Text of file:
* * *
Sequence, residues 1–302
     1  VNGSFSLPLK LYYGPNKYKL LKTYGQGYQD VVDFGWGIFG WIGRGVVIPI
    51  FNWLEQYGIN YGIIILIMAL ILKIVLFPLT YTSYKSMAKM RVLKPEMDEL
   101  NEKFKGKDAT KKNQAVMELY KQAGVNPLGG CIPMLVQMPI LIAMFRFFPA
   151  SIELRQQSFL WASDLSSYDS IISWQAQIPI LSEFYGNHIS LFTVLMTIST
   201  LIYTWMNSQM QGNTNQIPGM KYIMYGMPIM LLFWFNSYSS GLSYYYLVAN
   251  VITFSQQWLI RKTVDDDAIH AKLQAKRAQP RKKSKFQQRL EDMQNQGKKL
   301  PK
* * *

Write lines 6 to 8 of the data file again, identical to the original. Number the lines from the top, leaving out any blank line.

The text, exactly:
   201  LIYTWMNSQM QGNTNQIPGM KYIMYGMPIM LLFWFNSYSS GLSYYYLVAN
   251  VITFSQQWLI RKTVDDDAIH AKLQAKRAQP RKKSKFQQRL EDMQNQGKKL
   301  PK